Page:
My guiding principle is this: Guilt is never to be doubted.
—Franz Kafka (1883–1924) Austrian Novelist, Short Story Writer
Every act is to be judged by the intention of the agent.
Be curious, not judgmental.
—Walt Whitman (1819–92) American Poet, Essayist, Journalist, American, Poet, Essayist, Journalist
Even God doesn’t plan to judge a man till the end of his days, why should you and I?
It is well, when one is judging a friend, to remember that he is judging you with the same godlike and superior impartiality.
—Arnold Bennett (1867–1931) British Novelist, Playwright, Critic
It is a maxim received in life that, in general, we can determine more wisely for others than for ourselves. The reason of it is so clear in argument that it hardly wants the confirming of experience.
—Junius Unidentified English Writer
No man can judge another, because no man knows himself, for we censure others but as they disagree from that humor which we fancy laudable in ourselves, and commend others but for that wherein they seem to quadrate and consent with us.
—Thomas Browne (1605–82) English Author, Physician
What we do not understand we have no right to judge.
—Henri Frederic Amiel (1821–81) Swiss Moral Philosopher, Poet, Critic
A Judge may be a farmer; but he is not to geld his own pigs. A Judge may play a little at cards for his own amusement; but he is not to play at marbles, or chuck farthing in the Piazza.
—Samuel Johnson (1709–84) British Essayist
Don’t judge men’s wealth or godliness by their Sunday appearance.
—Benjamin Franklin (1706–90) American Political Leader, Inventor, Diplomat
Three things you can be judged by, your voice, your face and your disposition.
—Ignaz Bernstein (1836–1909) Russian-Jewish Bibliophile
Organization can never be a substitute for initiative and for judgment.
—Louis Brandeis (1856–1941) American Jurist
There are some minds like either convex or concave mirrors, which represent objects such as they receive them, but they never receive them as they are.
—Joseph Joubert (1754–1824) French Writer, Moralist
The most necessary talent in a man of conversation, which is what we ordinarily intend by a gentleman, is a good judgment. He that has this in perfection is master of his companion, without letting him see it; and has the same advantage over men of other qualifications, as one that can see would have over a blind man of ten times his strength.
—Richard Steele (1672–1729) Irish Writer, Politician
Human nature is so well disposed towards those who are in interesting situations, that a young person, who either marries or dies, is sure of being kindly spoken of.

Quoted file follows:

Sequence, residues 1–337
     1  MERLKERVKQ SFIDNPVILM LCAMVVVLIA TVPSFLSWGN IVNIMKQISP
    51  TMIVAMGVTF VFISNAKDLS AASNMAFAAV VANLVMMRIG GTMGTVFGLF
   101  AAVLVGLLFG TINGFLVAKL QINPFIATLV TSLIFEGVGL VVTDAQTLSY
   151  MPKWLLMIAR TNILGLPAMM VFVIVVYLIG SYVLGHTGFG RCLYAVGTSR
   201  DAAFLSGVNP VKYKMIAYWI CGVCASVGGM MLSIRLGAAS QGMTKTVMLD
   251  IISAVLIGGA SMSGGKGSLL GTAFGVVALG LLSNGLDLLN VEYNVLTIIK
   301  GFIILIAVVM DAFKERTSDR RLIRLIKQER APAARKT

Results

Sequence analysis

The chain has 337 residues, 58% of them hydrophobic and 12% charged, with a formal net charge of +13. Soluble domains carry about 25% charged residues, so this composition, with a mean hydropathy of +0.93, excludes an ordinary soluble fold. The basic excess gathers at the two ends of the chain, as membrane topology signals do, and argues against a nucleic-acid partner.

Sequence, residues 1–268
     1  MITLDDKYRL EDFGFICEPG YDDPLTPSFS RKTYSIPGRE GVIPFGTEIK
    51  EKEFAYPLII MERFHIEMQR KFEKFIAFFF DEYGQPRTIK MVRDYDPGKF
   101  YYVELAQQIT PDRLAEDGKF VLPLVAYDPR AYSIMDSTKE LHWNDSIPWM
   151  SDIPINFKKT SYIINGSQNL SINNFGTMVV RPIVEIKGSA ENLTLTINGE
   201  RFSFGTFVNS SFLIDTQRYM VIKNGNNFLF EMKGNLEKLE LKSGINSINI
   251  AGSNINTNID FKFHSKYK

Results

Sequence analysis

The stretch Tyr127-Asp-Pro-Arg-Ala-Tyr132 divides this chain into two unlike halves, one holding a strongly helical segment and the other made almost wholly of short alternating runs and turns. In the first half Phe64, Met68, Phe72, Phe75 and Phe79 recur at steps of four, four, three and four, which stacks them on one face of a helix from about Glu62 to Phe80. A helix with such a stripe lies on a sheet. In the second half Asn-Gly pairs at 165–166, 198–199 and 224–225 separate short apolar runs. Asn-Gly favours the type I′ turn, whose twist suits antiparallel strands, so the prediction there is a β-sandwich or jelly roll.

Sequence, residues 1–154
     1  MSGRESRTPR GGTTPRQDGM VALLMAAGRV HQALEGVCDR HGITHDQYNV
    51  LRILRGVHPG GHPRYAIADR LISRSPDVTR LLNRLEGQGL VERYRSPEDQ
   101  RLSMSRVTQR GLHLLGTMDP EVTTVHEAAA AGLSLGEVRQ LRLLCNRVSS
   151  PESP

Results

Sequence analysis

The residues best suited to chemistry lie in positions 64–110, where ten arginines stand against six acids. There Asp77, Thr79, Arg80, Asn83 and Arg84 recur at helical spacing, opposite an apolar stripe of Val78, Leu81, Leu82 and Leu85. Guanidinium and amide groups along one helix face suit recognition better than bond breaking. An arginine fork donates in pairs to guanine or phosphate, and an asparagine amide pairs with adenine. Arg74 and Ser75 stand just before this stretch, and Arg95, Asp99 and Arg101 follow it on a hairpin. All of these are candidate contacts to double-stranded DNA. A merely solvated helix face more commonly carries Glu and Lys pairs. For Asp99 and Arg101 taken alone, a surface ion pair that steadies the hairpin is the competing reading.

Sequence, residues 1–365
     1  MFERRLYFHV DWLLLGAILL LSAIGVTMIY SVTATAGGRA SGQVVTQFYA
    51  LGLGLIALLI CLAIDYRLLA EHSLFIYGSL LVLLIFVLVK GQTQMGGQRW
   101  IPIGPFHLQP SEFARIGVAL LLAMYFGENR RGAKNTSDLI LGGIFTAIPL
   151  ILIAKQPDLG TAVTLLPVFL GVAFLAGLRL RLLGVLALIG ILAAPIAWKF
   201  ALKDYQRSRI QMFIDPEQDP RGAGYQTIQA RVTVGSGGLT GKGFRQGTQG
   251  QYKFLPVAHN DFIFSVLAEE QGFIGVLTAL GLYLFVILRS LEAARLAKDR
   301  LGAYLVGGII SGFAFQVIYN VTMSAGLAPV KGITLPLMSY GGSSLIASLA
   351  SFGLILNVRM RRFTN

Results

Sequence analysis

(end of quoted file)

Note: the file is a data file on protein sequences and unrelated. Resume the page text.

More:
—Jane Austen (1775–1817) English Novelist
There’s no need to hang about waiting for the last judgment. It takes place every day.
—Albert Camus (1913–60) Algerian-born French Philosopher, Dramatist, Essayist, Novelist, Author
In order to judge of the inside of others, study your own; for men in general are very much alike, and though one has one prevailing passion, and another has another, yet their operations are much the same; and whatever engages or disgusts, pleases, or offends you in others will engage, disgust, please or offend others in you.
—Earl of Chesterfield (1694–1773) English Statesman, Man of Letters
Discretion is the perfection of reason, and a guide to us in the duties of life; cunning is a kind of instinct, that only looks out after our immediate interests and welfare. Discretion is only found in men of strong sense and good understanding; cunning is often to be met with in brutes themselves, and in persons who are but the fewest removes from them.
—Jean de La Bruyere (1645–96) French Satiric Moralist, Author
My salad days, when I was green in judgment.
—William Shakespeare (1564–1616) British Playwright
Foolish men imagine that because judgment for an evil thing is delayed, there is no justice; but only accident here below. Judgment for an evil thing is many times delayed some day or two, some century or two, but it is sure as life, it is sure as death.
—Thomas Carlyle (1795–1881) Scottish Historian, Essayist
A right judgment draws us a profit from all things we see.
—William Shakespeare (1564–1616) British Playwright
To sit in judgment of those things which you perceive to be wrong or imperfect is to be one more person who is part of judgment, evil or imperfection.
—Wayne Dyer (1940–2015) American Self-Help Author
Courage is not the absence of fear, but rather the judgment that something else is more important than fear.
—Ambrose Hollingworth Redmoon (James Neil Hollingworth) (1933–96) American Writer
Nothing is more dangerous than a friend without discretion; even a prudent enemy is preferable.
—Jean de La Fontaine (1621–95) French Poet, Short Story Writer
A flippant, frivolous man may ridicule others, may controvert them, scorn them; but he who has any respect for himself seems to have renounced the right of thinking meanly of others.
—Johann Wolfgang von Goethe (1749–1832) German Poet
Judge not according to appearance, but judge righteous judgment.
—The Holy Bible Scripture in the Christian Faith
Think wrongly, if you please, but in all cases think for yourself.
—Doris Lessing (1919–2013) British Novelist, Poet
We find it hard to apply the knowledge of ourselves to our judgment of others. The fact that we are never of one kind, that we never love without reservations and never hate with all our being cannot prevent us from seeing others as wholly black or white.
—Eric Hoffer (1902–83) American Philosopher, Author
As the touchstone which tries gold, but is not itself tried by gold, such is he who has the true standard of judgment.
—Epictetus (55–135) Ancient Greek Philosopher
People from a planet without flowers would think we must be mad with joy the whole time to have such things about us.
—Iris Murdoch (1919–99) British Novelist, Playwright, Philosopher